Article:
Sample English Essays on Prayer in School

Prayer in School

Schools are part of learning institutions that operate under the requirements of the law as enshrined in the Constitution. This means that in the process of developing their policies that are the foundation of the rules and regulations, schools must consider constitutional provisions (Chapin 300). When sending their children to school, parents should be comfortable that their children will not be subjected to mandatory prayer which is per the religious practices of someone else’s faith. Even in situations whereby students share the same faith, their decision to engage in prayer should be voluntary. Such voluntary engagement allows students to read religious books in a non-disruptive manner, and they may form or join religious clubs by choice.

The constitutional provision that advocates for the separation of the church and the state allows public schools to teach but not preach about religion. These learning institutions can develop a curriculum that even-handedly and objectively instructs students about religion (Peterson et al. 36). These include the incorporation of issues like the impact that religion has had on different disciplines such as history, literature, and music, or teachings on comparative religion (Chapin 305). The role of schools is to educate and instruct students in ways that enhance their skill capacity and knowledge. This means that schools should not proselytize students who, by nature of their learning environment, are a captive audience. Allowing prayers in schools can be considered as a coercive approach that to some extent can be perceived as a radicalization or religious bias (Chapin 310). In as much as the students in their early school days may perceive prayer recited as part of their daily classroom routine to be voluntary, denying them the opportunity to decide whether to engage or disengage in prayer may be considered as curtailing their freedom of religion (Chapin 310). This is because the choice of religion and religious denomination is a private and personal matter. Introducing prayer in school may create barriers of exploration, especially among children who do not have exposure to religious differences.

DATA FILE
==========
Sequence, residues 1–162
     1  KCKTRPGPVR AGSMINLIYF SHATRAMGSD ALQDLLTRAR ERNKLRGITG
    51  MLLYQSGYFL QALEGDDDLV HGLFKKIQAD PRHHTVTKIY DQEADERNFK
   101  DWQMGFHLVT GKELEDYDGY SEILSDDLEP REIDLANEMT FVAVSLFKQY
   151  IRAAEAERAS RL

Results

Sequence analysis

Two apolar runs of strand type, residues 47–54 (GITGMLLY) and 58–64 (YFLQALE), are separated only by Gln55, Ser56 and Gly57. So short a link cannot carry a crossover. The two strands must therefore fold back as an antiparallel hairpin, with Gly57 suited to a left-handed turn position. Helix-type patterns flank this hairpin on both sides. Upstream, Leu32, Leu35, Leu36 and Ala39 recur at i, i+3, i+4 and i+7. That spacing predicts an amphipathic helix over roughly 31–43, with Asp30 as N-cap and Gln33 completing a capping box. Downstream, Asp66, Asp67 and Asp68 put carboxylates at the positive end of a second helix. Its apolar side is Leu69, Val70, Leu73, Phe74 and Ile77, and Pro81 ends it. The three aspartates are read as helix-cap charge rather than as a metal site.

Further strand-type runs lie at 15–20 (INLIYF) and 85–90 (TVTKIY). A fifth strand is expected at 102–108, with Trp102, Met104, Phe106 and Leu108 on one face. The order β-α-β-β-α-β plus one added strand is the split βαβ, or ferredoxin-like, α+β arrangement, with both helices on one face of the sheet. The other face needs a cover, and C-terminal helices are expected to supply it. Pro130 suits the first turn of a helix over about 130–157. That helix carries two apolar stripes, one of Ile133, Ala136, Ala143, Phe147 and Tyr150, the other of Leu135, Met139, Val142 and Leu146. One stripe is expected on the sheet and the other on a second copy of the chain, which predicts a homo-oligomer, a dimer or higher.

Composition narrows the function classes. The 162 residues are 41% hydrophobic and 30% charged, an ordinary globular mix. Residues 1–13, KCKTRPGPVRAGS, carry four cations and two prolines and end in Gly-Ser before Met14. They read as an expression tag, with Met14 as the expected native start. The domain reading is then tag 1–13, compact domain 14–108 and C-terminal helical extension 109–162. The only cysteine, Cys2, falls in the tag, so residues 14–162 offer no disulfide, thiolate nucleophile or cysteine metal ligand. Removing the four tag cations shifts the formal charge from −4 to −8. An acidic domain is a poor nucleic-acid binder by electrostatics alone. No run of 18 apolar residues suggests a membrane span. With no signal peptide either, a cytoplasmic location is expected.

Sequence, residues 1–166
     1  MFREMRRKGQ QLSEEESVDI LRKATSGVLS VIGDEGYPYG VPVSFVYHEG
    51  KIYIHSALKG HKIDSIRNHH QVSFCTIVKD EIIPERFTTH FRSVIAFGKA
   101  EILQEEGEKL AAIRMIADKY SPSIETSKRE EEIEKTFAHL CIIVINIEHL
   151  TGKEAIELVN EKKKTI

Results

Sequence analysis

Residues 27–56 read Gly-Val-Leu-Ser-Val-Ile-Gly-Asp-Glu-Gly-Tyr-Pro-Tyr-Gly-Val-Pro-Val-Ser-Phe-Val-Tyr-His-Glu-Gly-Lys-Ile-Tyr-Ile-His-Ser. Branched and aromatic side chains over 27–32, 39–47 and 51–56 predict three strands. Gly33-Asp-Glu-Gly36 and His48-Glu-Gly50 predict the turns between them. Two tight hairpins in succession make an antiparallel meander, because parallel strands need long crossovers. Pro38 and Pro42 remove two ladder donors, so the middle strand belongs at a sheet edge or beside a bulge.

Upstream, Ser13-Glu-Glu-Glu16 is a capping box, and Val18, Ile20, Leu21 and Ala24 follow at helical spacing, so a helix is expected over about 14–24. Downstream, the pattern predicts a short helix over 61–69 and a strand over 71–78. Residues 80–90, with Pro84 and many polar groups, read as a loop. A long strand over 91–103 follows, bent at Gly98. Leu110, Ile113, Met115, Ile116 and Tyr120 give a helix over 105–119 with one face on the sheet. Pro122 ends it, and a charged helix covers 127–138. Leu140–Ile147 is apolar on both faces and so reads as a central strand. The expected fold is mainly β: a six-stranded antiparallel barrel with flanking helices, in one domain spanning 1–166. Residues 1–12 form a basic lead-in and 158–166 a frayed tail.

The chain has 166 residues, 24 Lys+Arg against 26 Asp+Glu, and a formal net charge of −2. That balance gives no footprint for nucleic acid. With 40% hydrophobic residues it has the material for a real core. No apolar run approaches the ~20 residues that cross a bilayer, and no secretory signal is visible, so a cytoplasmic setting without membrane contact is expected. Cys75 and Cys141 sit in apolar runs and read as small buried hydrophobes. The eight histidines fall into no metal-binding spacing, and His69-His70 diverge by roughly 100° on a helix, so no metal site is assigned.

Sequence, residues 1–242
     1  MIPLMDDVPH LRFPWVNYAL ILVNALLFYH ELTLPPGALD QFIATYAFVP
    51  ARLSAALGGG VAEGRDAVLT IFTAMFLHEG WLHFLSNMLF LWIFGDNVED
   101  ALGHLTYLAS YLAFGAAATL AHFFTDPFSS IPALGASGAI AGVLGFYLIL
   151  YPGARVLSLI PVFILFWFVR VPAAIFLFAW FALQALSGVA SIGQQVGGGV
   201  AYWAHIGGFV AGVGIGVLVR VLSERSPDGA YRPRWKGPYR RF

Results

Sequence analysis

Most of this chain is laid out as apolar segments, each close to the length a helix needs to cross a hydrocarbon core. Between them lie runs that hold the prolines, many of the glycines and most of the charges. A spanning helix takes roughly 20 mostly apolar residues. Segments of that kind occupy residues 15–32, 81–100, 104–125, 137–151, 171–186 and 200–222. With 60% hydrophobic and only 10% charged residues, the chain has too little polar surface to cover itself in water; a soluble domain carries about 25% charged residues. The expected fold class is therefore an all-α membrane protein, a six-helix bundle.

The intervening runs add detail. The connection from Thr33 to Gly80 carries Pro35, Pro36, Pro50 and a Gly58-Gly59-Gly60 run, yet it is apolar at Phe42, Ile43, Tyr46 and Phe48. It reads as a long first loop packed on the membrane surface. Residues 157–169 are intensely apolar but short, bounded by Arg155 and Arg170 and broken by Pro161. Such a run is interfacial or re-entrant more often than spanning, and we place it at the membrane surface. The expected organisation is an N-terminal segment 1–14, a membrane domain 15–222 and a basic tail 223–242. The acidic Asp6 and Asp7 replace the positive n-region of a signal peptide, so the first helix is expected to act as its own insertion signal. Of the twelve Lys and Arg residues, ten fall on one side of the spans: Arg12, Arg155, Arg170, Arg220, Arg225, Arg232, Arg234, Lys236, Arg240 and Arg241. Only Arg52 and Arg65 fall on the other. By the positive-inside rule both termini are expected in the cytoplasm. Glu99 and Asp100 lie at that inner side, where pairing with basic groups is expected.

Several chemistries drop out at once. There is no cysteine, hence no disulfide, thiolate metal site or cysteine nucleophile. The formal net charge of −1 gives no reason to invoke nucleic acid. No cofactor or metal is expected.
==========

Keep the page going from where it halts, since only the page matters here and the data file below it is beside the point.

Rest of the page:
It is important for schools to embrace neutrality on issues of religion. This is because schools, especially public schools, are for all children irrespective of their religious background (Chapin 311). Since taxpayers finance all public schools, their effectiveness and efficiency in the delivery of services will be determined by the extent to which they are free of religious coercion and observance (Peterson et al. 37). The responsibility of instilling religious beliefs in children is considered as the sacred duty of religious denominations and parents, which makes it free from government involvement (Chapin 311). To this extent, the institutionalization of prayers in schools assumes parental rights and responsibilities. Proponents of prayers in school often mistake the neutrality approach of government to matters of religion as hostility.

Prayers in schools can be considered as an invasion by the dominant religious denomination because it singles out minority religious groups. Through such intrusion, children from other religions may feel discriminated as oppressed by the dictates of the dominant religion because they will be required to participate in issues related to the fundamental beliefs of that religion. Furthermore, dishonesty occurs when calling for voluntary prayer in schools. This is due to the fact that when the school administration proposes the students to pray either by demanding them to vote on the matter or by penning, it is usually promoting and enforcing such prayer. This explains why in making prayer an official part of the school activities, schools are coercing students.

 

 

Works Cited

Chapin, Rosemary. Social Policy for Effective Practice: A Strengths Approach. Routledge, 2017.

Peterson, Paul E. et al. Teachers Versus the Public: What Americans Think About Their Schools and How to Fix Them. Brookings Institution Press, 2014.